-A.D. Coppel, DVM
Independence Day is nearing which can mean the potential for fireworks to be going off several nights in a row near your home. Here are a few tips to help ease firework anxiety in your pets.
- Keep your pets indoors after the sun starts to go down. Make sure all windows and doors are closed and secure to prevent your pet escaping from your home.
- Make sure your pet's collar is well-fitted and has an ID tag on it. Also, make sure your pet's microchip information is up-to-date.
- Create a safe space within your house for your pets to escape. You could make a bed in a closet or place a blanket over their crate to create a den. You can add ADAPTIL or FeliWay diffusers or spray and play soothing music or TV.
The hot temperatures of summer are already upon us. Here are some tips for keeping your pets safe during the dog days of summer.
- Do not leave animals in vehicles, even when the weather seems mild. Cars can become dangerously hot in a very short amount of time. This puts your pets at risk of overheating and suffering from heat stroke.
- Dogs should not put their heads out of car windows while driving. This puts them in danger of getting hit by flying debris or damaging their ears from flapping around. If the windows are open far enough, they also have the potential to jump out. Similarly, dogs in the back of a pickup truck should be in a kennel during transport.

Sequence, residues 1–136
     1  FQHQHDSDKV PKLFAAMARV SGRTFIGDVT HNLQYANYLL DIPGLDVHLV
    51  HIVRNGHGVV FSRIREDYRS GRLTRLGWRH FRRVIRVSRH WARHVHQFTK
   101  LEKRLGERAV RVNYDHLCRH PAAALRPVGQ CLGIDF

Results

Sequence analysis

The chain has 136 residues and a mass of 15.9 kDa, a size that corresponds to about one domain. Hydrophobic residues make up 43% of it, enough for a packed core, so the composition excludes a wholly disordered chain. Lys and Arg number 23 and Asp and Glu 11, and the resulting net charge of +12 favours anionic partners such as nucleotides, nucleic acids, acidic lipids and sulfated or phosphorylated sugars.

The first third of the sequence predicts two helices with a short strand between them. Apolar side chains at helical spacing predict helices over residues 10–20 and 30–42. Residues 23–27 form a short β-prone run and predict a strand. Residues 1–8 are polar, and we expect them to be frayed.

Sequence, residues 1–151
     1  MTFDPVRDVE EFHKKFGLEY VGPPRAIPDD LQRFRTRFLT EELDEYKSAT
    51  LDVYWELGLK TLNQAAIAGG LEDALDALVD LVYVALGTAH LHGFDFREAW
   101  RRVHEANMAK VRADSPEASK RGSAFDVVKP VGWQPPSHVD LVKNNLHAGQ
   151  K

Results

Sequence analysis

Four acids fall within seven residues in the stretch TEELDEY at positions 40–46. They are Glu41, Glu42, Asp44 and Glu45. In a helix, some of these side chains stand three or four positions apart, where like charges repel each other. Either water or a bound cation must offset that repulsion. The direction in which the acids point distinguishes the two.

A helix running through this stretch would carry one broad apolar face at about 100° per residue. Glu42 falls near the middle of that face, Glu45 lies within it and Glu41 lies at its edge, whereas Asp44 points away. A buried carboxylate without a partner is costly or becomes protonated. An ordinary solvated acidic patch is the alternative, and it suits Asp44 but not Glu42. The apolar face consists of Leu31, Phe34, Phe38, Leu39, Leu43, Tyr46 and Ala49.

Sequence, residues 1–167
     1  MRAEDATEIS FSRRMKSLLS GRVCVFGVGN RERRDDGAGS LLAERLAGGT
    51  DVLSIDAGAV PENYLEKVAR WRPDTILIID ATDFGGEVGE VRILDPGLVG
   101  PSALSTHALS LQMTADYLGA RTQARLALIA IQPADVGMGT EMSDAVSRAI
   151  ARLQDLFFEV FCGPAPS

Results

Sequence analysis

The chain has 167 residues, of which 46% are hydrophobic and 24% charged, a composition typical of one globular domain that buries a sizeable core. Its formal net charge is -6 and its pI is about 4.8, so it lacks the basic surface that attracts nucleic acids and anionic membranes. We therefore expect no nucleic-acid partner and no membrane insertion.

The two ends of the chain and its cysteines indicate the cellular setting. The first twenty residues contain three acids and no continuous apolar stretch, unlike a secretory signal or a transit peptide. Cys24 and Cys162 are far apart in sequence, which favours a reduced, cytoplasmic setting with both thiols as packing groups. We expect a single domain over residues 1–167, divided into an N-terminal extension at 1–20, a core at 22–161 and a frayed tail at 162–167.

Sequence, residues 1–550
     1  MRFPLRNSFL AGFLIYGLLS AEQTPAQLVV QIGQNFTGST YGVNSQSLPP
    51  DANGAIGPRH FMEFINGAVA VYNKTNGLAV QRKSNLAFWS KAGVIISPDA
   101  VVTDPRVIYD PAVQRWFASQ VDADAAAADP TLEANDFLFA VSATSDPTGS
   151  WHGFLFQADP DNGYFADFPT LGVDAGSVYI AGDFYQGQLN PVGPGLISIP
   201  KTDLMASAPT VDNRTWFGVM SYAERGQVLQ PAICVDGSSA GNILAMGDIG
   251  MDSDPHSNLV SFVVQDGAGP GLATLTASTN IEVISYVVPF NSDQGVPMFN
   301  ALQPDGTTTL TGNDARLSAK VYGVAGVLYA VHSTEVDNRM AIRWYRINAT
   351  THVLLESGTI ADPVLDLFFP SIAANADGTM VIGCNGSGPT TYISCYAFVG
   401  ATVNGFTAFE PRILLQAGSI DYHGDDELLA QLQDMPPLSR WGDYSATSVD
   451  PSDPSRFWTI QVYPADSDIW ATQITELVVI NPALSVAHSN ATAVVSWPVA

- Provide plenty of shade and water if your pet needs to be outdoors during the heat of the day. In extremely hot and humid conditions, it is recommended that your pets be indoors.
- Avoid strenuous activity during the heat of the day (10am-2pm). This helps to prevent heat stroke and keeps the hot pavement from burning pets' paw pads.
- Animals with "flat faces" are more susceptible to heat stroke since they cannot pant as effectively. These pets, along with the elderly, the overweight, and those with heart or lung diseases, should be kept cool indoors as much as possible.
- Use caution with too much sun exposure, your pets can sunburn too!
Knowing the symptoms of overheating in pets can be helpful in determining when medical attention is warranted. Signs include excessive panting or difficulty breathing, restlessness, drooling, weakness, or even collapse. You may notice the gums becoming bright red. Symptoms can also include seizures, bloody diarrhea, and vomiting along with an elevated body temperature of over 104 degrees. If these signs are seen in your pet, remove them from the situation to a shaded area, an air conditioned building, or direct a fan on them. You may offer your pet cool water to drink, but do not force them. You may begin to cool your pet with cold tap water in the armpits, groin area, and back of the neck. At this point, it is recommended to transport your pet for medical attention.